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Oregon’s ‘underemployment’ rate hits record high – but there’s a downside

Introducing Oregon Insight, The Oregonian’s weekly look at the state’s economy numbers. See previous installments here.

Economic health is often measured by the unemployment rate, an easy-to-understand benchmark with easy historical comparisons.

However, economists and the public are increasingly aware of the limits of the unemployment rate. This excludes those who want work but have given up their search and those who work part-time because they cannot find full-time employment.

Federal economists therefore proposed the U-6 rate, often called the “underemployment” rate, which includes the conventionally unemployed as well as those who have recently stopped looking for work and those in part-time jobs.

The U-6 rate is higher than the conventional unemployment rate – sometimes much higher. And many, including analytics firm Gallup, consider that to be the “true” unemployment rate.

During the Great Recession, when unemployment in Oregon hovered around 10%, the U-6 underemployment rate was roughly double. Oregon’s U-6 rate hit 21% at the start of the pandemic in 2020, 8 percentage points higher than the standard measure.

The good news is that underemployment has fallen as fast as the standard benchmark over the past two years. The U-6 rate was 7.4% in March, the lowest point on record. (Official unemployment was 3.8% – close, but not quite, to a historic low.)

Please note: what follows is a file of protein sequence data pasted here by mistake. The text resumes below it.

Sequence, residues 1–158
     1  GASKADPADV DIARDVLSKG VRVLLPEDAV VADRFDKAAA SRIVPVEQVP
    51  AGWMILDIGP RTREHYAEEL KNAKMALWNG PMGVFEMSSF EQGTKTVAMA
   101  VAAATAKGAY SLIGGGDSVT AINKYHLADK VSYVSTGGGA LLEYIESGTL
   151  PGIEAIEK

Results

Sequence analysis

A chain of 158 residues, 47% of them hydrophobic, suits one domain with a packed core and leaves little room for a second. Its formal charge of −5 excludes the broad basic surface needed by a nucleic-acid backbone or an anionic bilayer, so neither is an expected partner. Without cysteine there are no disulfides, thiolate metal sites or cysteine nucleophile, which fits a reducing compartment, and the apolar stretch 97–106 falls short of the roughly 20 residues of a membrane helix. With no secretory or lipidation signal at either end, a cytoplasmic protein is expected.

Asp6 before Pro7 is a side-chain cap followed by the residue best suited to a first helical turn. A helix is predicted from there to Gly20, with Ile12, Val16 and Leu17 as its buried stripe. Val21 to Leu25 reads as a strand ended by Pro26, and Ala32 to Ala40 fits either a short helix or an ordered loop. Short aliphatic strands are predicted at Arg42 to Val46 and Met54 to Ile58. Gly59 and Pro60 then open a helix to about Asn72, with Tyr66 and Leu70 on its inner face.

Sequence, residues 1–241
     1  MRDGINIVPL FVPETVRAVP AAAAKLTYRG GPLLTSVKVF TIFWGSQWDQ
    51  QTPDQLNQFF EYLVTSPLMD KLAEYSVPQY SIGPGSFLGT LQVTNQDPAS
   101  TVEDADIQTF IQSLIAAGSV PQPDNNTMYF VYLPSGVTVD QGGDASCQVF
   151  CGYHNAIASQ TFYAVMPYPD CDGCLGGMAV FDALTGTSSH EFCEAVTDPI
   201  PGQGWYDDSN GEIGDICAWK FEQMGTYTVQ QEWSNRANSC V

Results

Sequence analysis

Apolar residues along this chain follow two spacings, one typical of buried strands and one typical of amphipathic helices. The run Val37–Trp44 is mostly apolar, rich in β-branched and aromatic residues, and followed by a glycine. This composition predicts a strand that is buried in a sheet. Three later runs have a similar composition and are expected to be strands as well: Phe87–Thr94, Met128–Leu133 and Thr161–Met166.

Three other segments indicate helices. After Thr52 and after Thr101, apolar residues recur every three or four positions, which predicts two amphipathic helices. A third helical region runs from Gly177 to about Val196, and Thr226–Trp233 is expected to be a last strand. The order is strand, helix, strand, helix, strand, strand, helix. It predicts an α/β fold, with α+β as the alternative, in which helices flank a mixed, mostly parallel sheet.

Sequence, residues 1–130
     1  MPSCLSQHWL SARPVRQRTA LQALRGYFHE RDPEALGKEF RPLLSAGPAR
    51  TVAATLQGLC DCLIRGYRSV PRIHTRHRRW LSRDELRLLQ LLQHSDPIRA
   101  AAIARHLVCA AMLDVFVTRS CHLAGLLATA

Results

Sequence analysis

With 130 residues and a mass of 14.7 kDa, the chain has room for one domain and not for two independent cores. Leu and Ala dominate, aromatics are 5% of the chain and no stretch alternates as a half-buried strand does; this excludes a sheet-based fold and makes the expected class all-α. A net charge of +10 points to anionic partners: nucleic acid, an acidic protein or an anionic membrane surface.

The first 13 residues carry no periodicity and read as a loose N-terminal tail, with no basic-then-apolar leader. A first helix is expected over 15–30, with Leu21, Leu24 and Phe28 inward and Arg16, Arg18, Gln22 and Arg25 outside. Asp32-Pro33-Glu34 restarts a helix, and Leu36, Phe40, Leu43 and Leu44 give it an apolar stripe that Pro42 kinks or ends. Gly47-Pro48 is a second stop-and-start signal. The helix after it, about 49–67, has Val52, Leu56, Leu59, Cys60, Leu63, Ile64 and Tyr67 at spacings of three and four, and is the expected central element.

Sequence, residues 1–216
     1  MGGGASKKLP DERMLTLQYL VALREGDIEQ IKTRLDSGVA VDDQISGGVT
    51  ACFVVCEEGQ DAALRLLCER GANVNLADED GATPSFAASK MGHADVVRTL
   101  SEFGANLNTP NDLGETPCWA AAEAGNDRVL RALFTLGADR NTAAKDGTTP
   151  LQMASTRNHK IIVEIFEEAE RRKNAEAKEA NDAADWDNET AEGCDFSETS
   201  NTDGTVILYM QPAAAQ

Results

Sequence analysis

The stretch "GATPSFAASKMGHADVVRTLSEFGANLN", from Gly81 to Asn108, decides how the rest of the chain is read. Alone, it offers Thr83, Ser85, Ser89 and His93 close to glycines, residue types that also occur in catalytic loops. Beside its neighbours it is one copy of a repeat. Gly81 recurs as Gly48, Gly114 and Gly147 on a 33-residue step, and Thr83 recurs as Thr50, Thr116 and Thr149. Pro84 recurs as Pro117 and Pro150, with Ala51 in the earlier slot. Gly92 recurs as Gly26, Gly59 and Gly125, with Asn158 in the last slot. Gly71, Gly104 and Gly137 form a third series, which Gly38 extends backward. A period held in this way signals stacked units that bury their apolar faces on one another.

This is great news if you are looking for a job.

“If someone wants a job, they’re there, unlike the Great Recession recovery,” said Anna Johnson of the Oregon Department of Employment, who authored new analysis of the Oregon labor market. ‘Oregon. “And those vacancies tend to be full-time, permanent jobs.”

But here’s the downside.

Oregon has more than 100,000 job vacancies, with vacancies outnumbering unemployed. This labor shortage is limiting economic growth, in Oregon and across the country.

Economists and the Federal Reserve had hoped workers would pull back as the pandemic subsided. Now it looks like there’s hardly anyone seated – certainly not enough people to solve the labor shortage.

Josh Lehner of the Oregon Bureau of Economic Analysis addressed this question in an essay earlier this month.

With immigration plummeting and Oregon’s workers aging with the general population — “poor demographics,” according to Lehner — the state has a shrinking labor pool.

It’s a big part of why jobs are so readily available right now and why paychecks are rising as employers compete for workers. But with consumer demand continuing to rise and production constrained by labor shortages and other factors, inflation is rising even faster than wages.

Tighter monetary policy from the Federal Reserve could help calm demand, writes Lehner. But the labor shortage? He says this “will only change with broader societal changes or, say, increased immigration both international and domestic”.

-Mike Rogoway | | Twitter: @rogoway |

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